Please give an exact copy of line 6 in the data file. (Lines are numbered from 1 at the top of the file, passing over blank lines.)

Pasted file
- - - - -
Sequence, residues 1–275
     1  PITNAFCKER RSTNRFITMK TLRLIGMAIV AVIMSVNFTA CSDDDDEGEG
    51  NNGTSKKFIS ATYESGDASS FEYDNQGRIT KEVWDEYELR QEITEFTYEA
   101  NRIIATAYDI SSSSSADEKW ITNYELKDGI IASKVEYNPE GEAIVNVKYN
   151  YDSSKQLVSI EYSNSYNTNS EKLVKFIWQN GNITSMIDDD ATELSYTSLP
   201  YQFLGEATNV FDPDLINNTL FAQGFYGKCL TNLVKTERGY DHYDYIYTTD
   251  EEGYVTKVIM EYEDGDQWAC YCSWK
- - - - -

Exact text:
   201  YQFLGEATNV FDPDLINNTL FAQGFYGKCL TNLVKTERGY DHYDYIYTTD